Global Reporting Initiative (GRI) is a sustainability standard that operates across more than 140 different topics across biodiversity, tax, waste, emissions, diversity, equality and health and safety. In order to comply with the GRI reporting, companies can use master data management to ensure data transparency, manage and share sustainability data.

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GS1

GS1 is a global standards organization that develops and maintains a range of standards for the identification, capture and sharing of product and supply chain information. It is used by companies in a wide range of industries, including retail, healthcare, food service and manufacturing. The GS1 system enables companies to use a common language to identify products, locations, and assets, and to share data with trading partners in a consistent and standardized way. The GS1 standard includes a range of standardized identifiers, barcodes, and electronic data interchange (EDI) messages that enable companies to identify and track products as they move through the supply chain.

Some of the key components of the GS1 system include: Global Trade Item Number (GTIN), a unique identifier for products that is used to identify and track products at the item level; Global Location Number (GLN), a unique identifier for physical locations such as warehouses, retail stores, and manufacturing facilities; Global Data Synchronization Network (GDSN), a system that enables companies to share product information with trading partners in a standardized format, ensuring that everyone has access to the same information; and Electronic Product Code (EPC), a unique identifier for individual items that is encoded in an RFID tag, enabling companies to track items at the individual unit level.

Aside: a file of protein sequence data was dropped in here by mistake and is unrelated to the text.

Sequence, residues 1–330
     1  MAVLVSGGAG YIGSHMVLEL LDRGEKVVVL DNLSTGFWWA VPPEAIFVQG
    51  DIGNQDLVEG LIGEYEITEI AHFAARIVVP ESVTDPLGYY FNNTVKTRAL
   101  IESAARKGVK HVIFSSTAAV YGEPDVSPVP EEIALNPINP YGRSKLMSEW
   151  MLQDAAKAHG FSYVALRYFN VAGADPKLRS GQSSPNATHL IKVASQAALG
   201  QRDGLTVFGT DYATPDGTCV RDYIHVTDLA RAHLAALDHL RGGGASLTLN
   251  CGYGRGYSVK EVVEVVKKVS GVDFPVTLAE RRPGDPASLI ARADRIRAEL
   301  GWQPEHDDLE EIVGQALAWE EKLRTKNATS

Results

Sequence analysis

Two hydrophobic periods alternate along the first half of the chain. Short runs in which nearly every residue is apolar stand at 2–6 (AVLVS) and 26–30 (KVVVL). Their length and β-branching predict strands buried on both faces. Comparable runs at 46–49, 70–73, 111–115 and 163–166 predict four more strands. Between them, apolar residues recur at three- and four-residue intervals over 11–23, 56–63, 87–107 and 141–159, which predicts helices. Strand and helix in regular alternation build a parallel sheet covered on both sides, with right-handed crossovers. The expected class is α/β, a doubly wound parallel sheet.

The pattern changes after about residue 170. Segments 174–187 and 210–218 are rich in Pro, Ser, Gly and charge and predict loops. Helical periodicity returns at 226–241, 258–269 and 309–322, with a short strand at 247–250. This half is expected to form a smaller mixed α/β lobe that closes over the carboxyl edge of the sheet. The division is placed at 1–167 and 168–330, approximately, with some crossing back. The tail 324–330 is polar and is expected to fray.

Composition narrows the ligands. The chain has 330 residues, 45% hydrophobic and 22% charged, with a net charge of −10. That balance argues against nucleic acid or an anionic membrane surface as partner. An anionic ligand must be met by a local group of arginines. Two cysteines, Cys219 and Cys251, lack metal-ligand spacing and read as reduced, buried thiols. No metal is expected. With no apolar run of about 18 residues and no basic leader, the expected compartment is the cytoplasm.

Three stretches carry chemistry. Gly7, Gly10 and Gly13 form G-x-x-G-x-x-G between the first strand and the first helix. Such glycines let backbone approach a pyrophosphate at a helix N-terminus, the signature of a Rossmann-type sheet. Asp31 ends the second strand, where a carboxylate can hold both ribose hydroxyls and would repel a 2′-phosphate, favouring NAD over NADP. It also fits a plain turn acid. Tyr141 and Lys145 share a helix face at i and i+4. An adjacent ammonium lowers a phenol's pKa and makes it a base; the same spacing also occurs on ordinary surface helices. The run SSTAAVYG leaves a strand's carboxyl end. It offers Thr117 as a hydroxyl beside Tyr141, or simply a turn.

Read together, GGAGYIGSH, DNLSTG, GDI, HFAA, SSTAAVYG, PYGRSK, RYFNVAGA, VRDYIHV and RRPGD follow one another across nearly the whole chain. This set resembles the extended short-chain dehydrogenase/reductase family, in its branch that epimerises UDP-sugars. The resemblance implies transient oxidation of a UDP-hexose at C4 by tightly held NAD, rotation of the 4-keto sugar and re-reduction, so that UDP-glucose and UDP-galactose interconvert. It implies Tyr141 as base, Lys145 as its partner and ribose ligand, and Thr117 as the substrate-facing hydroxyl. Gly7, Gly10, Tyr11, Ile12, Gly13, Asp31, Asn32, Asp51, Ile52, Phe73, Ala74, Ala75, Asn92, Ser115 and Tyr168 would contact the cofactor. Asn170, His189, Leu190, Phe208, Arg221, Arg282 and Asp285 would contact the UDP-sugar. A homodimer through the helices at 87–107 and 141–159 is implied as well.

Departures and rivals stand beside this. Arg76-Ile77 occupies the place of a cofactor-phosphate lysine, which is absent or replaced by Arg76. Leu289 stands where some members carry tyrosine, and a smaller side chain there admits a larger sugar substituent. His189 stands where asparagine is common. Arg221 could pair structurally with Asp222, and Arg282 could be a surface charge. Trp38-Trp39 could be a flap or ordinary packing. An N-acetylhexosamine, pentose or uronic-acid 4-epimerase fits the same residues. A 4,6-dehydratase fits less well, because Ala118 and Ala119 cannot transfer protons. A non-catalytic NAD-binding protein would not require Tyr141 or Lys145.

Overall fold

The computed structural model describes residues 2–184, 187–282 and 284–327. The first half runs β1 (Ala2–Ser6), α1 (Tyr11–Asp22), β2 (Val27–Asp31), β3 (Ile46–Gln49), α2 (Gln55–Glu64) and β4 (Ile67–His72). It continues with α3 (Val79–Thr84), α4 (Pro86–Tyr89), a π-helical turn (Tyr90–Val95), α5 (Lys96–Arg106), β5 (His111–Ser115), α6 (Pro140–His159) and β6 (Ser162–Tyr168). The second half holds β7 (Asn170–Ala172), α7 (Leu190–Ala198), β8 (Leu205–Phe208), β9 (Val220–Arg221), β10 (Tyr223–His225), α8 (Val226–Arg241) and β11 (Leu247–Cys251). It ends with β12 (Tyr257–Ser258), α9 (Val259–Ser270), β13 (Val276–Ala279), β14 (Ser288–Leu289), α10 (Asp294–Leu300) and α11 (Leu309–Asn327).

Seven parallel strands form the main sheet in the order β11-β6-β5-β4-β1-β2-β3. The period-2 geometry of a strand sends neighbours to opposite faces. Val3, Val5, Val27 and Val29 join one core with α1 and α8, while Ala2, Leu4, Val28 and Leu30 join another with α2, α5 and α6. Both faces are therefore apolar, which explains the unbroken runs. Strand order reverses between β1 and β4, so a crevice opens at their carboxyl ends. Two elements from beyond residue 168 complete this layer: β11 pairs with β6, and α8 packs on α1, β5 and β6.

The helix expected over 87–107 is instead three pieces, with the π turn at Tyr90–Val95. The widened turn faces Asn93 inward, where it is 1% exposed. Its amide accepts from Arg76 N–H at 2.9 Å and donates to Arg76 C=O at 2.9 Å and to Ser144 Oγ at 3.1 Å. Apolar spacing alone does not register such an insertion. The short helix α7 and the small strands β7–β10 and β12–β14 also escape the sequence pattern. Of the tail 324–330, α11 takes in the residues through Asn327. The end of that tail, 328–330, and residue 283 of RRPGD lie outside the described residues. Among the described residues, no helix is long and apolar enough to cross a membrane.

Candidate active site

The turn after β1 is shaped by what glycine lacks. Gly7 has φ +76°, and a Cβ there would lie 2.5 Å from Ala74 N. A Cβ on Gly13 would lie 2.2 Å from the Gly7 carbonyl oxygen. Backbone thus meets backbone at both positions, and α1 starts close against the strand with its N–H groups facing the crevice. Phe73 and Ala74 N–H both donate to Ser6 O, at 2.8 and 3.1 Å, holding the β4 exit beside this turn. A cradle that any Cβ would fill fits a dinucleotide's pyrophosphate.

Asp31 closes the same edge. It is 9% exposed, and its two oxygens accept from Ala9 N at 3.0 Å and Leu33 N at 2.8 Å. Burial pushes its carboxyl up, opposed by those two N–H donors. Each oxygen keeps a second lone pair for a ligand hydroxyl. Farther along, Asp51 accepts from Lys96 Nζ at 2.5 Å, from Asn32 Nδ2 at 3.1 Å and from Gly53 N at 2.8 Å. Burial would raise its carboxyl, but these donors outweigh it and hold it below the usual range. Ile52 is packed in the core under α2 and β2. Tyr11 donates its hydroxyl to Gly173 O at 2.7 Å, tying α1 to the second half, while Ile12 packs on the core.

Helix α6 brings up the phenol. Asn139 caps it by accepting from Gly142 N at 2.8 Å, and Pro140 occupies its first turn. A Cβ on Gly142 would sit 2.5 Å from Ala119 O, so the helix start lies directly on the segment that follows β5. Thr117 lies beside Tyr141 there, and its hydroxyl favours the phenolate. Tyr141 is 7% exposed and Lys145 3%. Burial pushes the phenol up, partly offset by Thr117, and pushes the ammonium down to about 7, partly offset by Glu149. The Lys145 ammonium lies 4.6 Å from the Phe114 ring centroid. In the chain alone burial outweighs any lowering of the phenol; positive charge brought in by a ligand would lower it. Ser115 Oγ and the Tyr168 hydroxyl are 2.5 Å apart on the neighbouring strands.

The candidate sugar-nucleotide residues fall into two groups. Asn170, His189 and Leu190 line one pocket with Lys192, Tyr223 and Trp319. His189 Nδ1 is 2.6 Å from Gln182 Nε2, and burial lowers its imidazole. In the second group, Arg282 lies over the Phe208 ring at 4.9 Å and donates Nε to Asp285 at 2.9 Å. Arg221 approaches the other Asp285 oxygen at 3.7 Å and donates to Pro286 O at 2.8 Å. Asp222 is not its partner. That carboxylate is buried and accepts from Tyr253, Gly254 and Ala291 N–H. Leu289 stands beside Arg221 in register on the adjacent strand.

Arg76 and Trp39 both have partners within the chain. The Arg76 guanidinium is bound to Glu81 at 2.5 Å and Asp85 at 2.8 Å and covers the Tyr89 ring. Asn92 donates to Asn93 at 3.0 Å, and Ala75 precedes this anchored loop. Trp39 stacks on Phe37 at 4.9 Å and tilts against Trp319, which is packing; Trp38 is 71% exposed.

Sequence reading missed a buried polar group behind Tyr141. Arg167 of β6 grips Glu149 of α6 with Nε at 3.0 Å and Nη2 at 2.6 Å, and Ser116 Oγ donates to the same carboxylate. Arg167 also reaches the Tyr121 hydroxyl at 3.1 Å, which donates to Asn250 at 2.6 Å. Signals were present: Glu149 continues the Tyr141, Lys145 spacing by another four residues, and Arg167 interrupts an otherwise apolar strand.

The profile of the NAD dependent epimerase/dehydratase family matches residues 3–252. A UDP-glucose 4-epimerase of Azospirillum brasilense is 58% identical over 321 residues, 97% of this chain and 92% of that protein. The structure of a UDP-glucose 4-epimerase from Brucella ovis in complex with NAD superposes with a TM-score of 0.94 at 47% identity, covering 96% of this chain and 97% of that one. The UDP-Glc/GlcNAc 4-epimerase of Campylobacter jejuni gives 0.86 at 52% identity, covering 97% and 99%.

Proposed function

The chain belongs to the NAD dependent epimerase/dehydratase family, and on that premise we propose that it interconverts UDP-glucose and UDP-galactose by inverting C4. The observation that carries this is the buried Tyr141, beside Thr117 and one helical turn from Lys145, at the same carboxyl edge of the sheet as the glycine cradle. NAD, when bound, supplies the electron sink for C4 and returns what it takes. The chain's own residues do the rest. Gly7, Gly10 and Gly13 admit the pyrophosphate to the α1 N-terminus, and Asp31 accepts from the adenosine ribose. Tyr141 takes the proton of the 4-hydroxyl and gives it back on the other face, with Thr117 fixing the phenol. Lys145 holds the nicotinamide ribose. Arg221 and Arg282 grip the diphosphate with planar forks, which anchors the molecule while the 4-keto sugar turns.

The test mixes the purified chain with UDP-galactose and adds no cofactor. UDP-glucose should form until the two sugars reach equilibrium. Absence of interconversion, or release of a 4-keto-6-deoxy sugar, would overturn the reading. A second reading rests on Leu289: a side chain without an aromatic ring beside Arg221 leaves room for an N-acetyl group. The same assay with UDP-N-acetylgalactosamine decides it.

A master data management solution will support and integrate the GS1 standards across industries.